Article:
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Northern Hawk Owl in Moscow, Latah County. January 4, 2014.

I’m sure any of you who have chased a bird you weren’t sure you would find could relate to the feeling of relief when you find the bird you were looking for. Knowing we had it in the bag within our first half hour in town really took the pressure off the rest of the trip, which was good since we’re still feeling out how to keep a good routine when traveling with our little newborn. We got checked in to our hotel, sang our little sweetheart to sleep, and called it an early night.

The next morning, we headed right back to try to get better photos. There were several other photographers there, most of whom had some fairly serious looking gear. Partly because I thought the other photographers were too close to the bird and I didn’t want to be part of the problem, and partly because I’ll admit I’m intimidated by birders with big lenses, I ended up taking almost all my pictures from inside the car. In retrospect, I wish I had gotten out and taken a few shots from a little closer to the bird, since it turned out many of my shots were grainier than I was hoping for, and a significant portion of my shots were ruined by heat waves coming off of the car that distorted the images (but not enough to notice on the camera’s small screen). Still, we did end up with a few photos we’re happy with. The 50X optical zoom we get on our Canon SX50 HS really pulled the bird in (and I might add that it does so at a fraction of the cost of the larger gear the other photographers were using).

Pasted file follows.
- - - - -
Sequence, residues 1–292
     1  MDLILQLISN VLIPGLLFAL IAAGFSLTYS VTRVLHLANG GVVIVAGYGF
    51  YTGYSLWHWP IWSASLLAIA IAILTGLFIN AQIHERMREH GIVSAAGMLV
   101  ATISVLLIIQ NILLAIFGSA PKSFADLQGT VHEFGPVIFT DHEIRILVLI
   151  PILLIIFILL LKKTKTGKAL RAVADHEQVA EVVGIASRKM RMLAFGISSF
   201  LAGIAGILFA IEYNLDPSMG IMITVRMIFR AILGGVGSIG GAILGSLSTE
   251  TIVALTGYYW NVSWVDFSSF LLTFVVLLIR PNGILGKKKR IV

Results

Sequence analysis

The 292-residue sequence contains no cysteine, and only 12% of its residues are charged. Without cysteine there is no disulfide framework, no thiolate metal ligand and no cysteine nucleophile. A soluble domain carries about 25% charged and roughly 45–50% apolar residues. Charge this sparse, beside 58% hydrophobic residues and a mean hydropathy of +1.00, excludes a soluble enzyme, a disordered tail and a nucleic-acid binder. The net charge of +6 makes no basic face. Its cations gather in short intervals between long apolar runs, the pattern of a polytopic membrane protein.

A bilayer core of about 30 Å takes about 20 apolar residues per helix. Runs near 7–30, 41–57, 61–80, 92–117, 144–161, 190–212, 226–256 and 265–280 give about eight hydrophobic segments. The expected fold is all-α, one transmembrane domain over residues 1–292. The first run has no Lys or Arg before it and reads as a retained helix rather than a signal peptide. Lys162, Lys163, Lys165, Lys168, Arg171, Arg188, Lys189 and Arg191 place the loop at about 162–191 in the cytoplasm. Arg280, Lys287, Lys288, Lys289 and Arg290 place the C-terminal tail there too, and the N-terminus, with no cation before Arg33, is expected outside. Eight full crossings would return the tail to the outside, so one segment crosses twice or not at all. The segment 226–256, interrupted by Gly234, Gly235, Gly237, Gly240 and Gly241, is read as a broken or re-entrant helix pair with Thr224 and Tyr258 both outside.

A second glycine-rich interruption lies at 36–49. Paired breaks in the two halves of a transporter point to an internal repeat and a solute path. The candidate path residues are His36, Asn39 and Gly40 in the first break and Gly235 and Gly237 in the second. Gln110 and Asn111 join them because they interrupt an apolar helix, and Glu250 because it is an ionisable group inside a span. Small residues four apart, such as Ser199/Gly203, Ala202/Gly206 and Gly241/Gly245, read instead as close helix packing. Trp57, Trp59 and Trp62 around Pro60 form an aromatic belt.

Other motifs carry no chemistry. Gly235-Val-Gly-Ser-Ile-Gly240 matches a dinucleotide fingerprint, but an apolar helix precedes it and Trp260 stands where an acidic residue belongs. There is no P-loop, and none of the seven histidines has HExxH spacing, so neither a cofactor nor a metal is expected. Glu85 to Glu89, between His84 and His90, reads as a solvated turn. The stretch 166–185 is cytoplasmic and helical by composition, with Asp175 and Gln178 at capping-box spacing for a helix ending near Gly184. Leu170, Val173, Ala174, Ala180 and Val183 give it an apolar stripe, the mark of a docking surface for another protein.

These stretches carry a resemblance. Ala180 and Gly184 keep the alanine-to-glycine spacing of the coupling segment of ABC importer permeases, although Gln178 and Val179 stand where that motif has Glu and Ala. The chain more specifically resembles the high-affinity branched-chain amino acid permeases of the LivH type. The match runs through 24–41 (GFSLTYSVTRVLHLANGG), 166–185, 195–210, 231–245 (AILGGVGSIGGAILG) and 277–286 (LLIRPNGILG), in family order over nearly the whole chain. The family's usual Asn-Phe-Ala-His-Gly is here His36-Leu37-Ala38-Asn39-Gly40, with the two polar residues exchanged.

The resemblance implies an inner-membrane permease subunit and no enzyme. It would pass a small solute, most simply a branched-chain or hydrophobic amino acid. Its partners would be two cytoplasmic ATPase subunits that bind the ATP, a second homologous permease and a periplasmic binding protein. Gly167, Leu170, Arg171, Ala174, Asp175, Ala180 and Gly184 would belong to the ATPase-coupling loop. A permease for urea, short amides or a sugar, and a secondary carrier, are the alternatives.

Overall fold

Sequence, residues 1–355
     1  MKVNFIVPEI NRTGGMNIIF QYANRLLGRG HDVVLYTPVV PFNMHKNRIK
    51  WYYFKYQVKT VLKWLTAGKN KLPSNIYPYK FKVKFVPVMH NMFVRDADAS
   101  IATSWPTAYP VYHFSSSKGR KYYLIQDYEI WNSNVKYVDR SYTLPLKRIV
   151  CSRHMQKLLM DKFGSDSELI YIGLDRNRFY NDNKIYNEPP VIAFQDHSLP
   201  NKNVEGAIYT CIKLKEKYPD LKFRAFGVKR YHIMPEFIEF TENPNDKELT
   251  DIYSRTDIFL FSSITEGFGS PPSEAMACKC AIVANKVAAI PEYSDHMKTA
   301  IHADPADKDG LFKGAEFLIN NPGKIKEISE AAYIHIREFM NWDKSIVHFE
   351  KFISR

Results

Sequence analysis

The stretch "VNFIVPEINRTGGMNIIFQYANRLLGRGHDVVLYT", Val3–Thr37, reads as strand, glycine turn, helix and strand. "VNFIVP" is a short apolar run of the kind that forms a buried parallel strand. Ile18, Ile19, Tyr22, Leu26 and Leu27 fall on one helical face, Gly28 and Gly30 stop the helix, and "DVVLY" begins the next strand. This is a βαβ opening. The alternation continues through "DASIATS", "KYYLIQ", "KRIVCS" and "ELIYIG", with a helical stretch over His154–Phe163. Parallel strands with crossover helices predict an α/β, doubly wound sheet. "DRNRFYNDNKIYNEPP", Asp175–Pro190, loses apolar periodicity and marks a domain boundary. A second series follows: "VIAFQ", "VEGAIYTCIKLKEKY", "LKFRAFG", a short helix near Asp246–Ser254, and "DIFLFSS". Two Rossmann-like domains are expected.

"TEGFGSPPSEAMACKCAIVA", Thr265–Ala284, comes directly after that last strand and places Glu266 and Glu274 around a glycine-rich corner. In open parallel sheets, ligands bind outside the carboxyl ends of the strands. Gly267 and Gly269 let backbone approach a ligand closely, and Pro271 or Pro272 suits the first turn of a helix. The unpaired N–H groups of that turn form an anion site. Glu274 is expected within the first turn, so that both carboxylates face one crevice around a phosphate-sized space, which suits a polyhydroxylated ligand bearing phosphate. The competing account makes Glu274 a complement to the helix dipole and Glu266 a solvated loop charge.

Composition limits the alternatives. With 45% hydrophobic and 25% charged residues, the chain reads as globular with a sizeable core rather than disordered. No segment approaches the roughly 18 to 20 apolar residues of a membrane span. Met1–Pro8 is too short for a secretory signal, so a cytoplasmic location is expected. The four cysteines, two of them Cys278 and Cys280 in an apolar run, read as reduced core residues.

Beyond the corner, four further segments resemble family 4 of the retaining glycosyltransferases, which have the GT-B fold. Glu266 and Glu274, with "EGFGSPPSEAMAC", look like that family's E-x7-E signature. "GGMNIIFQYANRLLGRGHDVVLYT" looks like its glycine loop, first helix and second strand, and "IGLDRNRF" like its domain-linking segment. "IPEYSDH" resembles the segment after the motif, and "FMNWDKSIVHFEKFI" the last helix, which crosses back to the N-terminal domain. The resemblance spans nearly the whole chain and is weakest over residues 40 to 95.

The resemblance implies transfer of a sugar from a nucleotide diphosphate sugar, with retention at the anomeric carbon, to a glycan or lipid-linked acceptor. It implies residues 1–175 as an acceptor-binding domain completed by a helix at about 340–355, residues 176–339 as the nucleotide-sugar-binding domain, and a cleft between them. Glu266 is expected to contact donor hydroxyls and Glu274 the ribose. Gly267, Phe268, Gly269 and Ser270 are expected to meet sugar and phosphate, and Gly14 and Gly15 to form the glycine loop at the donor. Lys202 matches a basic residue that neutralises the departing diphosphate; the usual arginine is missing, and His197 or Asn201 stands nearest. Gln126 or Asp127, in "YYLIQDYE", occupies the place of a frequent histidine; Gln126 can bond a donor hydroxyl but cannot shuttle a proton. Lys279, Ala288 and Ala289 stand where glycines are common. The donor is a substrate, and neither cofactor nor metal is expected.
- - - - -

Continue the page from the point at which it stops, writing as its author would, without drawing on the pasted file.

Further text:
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Northern Hawk Owl in Moscow, Latah County. January 5, 2014.

Many of the photos we took are quite similar since the bird spent a lot of time just sitting and watching for something to pounce on. We did capture one fun sequence though where the owl seemed to be scratching an itch behind its eye.

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Northern Hawk Owl in Moscow, Latah County. January 5, 2014.

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Northern Hawk Owl in Moscow, Latah County. January 5, 2014.

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Northern Hawk Owl in Moscow, Latah County. January 5, 2014.

We watched the owl make several attempts to catch prey out of the ditch beneath the spruce trees. It would sweep left and right between the spruce trees and a power line, dive bombing small rodents on each pass. We struggled to catch it in flight, as we had not yet discovered the “magical” Sport mode on our new camera (more on that later). In each case the focus was off, the shutter speed was not quick enough, and the burst speed wasn’t sufficient to catch more than one or two shots with the bird in frame before we lost track of it.